Benjamin Nance Cobb is on his way to the newspaper to discuss his photograph on the front page and wrestle with his feelings for Alexia Hale.
I never believed in love at first sight until it happened to me. After I found Alexia’s business card on the floor of my studio’s dressing room, outing her as a food editor aka reporter at the Chicago News, I was stunned. I hadn’t been played since grade school.
How did Alexia Hale permeate every fiber of my being in a few hours?
Now, my life and art were meaningless without her. I didn’t tolerate spies in my studio and had to go after the editor who sent her, but forever grateful he did.
Or did she sneak in under the radar on her own accord to make points? Why would anyone care where I went or what I did? I didn’t find myself that interesting.
My paintings were in demand, but each had a part of my soul connected to it, so I stopped selling. It cost too much to have so much of myself scattered around the globe. It was great to be celebrated, but I could do without the fame and the paparazzi.
The intrusive press came in many forms, even a beautiful woman who brought my art back to life and knew my mother’s books better than me. I was never going to trust a modeling agency again and won’t need one either. Alexia was the only subject for me now. Her hair was the color of butter, dipped in gold, and then highlighted with daffodils. Her face set in symmetry, meaning her profile would be flawless. But what struck me dumb were her eyes. Blue like dazzling sapphires, yet the shades of light illuminated them as robins’ eggs or the pristine ocean on a sunny day. It wasn’t lust, more of a reverence, something I had seen, but never experienced. Muses appeared to artists when they least expected them or really needed them. She fell into both categories for me. Ethereal, seductive, and demure, hers was the ultimate female image to possess on paper.
I can’t deny my attraction to Alexia or the kiss. Both seemed real, either she was a wonderful actress or she got pulled into the same vortex and liked me too. She didn’t interview me and no quotes were posted. Yesterday, when I confronted her in the newspaper’s kitchen, she apologized and was genuinely embarrassed by the whole thing. I hoped to catch sight of her again. Maybe get another apology and invite her to lunch and discuss her modeling for me again.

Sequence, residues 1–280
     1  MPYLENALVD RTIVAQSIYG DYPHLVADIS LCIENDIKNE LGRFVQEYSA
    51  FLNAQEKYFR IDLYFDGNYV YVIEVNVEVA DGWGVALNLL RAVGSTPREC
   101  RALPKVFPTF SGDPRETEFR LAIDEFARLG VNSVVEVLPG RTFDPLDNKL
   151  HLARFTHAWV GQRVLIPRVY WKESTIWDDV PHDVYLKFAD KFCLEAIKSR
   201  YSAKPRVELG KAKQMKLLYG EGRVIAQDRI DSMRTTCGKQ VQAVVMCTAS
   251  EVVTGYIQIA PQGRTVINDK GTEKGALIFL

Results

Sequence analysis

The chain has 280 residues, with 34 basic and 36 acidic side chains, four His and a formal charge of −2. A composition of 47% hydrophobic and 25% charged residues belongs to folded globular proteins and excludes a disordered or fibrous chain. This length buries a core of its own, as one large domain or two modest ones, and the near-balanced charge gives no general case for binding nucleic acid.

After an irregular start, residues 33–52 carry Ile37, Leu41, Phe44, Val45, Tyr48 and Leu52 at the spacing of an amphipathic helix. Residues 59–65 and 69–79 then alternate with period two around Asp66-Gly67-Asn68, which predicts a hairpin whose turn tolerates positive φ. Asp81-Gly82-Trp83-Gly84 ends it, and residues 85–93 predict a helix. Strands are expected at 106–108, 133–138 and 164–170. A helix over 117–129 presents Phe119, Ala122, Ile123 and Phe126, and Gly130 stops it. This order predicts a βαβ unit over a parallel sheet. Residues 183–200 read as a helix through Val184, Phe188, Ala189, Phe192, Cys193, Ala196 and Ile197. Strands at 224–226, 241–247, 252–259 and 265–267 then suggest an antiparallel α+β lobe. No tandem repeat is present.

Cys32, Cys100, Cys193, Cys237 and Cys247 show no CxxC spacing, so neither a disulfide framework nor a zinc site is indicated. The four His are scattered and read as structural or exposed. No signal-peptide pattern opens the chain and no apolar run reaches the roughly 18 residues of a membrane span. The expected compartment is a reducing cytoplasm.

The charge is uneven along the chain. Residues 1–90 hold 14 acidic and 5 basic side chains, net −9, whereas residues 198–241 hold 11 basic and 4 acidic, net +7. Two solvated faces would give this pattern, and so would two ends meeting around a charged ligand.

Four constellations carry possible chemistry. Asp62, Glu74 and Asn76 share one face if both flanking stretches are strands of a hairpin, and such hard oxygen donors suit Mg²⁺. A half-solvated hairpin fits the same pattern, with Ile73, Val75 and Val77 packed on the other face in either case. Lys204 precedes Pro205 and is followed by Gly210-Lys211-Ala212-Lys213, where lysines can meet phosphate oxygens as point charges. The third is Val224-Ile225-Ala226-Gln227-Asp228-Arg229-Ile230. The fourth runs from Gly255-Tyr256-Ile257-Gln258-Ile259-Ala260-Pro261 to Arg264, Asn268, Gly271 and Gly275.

What was her angle?
I’d seen her from every nude angle and approved.
I parked my car, walked across the street, and met my attorney, Bill Hanes, in the lobby of the Chicago News building.
“I’ll handle the editor, Wallace Abram. Are you including Alexia Hale, the reporter, in the lawsuit?” he asked as we stepped into the elevator.
“No, she’s a pawn and didn’t print a word. If she had included any quotes or descriptions as background for the picture, they would be on the front page. Plus she’s a food reviewer not a gotcha reporter.”
“And?” He smiled.
“None of your business.”
The elevator doors slid open and we stepped out. The female assistant stopped typing as the color drained from her face.
Good to have a vicious reputation for privacy and a pit bull attorney.
The door opened behind her and a haggard man stared at us. After he exhaled, he stepped aside and waved us in.
“Mr. Abram, I presume,” Bill said as the man nodded and closed the door.
“Yes, I know you have concerns…” Abram didn’t get to finish as Bill started a tirade about individual privacy versus freedom of the press.
I sat as the door swung open and Alexia began to yell at Abram, her back to me.
“You’ve destroyed my credibility here by announcing a fake engagement on the front page. How dare you use me for your crass exploitation of Ben, I mean, Mr. Cobb. He wants to be left alone to pursue his art and it’s none of anyone’s business. How would you like it if photographers were sent to hunt you? I’m ashamed to work here and resign.”
Feisty, combative, and defending my honor? Alexia, where had you been all my life?
“Miss Hale, you’ve been…” Abram started to say.
“Alexia, you don’t have to leave,” I said.
I startled her as she turned toward me. I pulled out a chair for her to join me at a conference table.
“Miss Hale’s position with the newspaper was terminated last night due to continuing budget cuts,” Abram offered as he rubbed his forehead.
“Do you have plans for lunch?” I asked Alexia.
“No, I have to go downstairs to make sure my sister hasn’t punched anyone and save my oldest sister some pumpkin pie and monster frosting. Please excuse me,” she said as she fled the room.
This I had to see.
You can read more about Benjamin in Spicing Up Trouble, published by Gemma Halliday Publishing.
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Meet the author
Long before DVDs, Mary Jo saw Gone with the Wind in the theater. She was ten. The story never left her. She read the book three times. She saw the movie every time it was re-released. GWTW will be seventy-five years old this year and is her favorite movie. She would only make a minor change: Leave Ashley to Melanie and hold on tight to Rhett. Her writing sprung from reading, watching, and always wanting to edit. Mary Jo was born in Chicago and has never strayed far from home. She majored in Accounting and received her MBA in Finance. She worked in the investment and banking businesses. Mary Jo is a member of the Romance Writers of America, Chicago North RWA, and Windy City RWA.
Visit Mary Jo at www.maryjoburke.com